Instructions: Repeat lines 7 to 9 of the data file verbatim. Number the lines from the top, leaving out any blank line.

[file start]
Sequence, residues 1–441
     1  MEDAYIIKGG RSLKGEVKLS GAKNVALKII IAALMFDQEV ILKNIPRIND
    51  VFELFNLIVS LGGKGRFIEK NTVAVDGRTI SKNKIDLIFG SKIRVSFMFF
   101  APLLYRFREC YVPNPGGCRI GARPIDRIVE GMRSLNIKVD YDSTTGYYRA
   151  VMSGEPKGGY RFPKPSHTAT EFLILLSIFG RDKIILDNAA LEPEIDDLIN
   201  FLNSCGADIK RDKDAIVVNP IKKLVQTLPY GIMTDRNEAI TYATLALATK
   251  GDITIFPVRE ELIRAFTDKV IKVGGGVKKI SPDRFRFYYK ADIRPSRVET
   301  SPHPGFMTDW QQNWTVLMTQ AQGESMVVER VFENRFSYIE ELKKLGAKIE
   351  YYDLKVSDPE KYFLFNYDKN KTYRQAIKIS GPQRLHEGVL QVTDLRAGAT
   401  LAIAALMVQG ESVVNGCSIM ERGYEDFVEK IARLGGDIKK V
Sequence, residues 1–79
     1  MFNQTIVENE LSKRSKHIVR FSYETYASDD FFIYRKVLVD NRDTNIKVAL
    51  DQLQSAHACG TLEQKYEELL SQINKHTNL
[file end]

   251  GDITIFPVRE ELIRAFTDKV IKVGGGVKKI SPDRFRFYYK ADIRPSRVET
   301  SPHPGFMTDW QQNWTVLMTQ AQGESMVVER VFENRFSYIE ELKKLGAKIE
   351  YYDLKVSDPE KYFLFNYDKN KTYRQAIKIS GPQRLHEGVL QVTDLRAGAT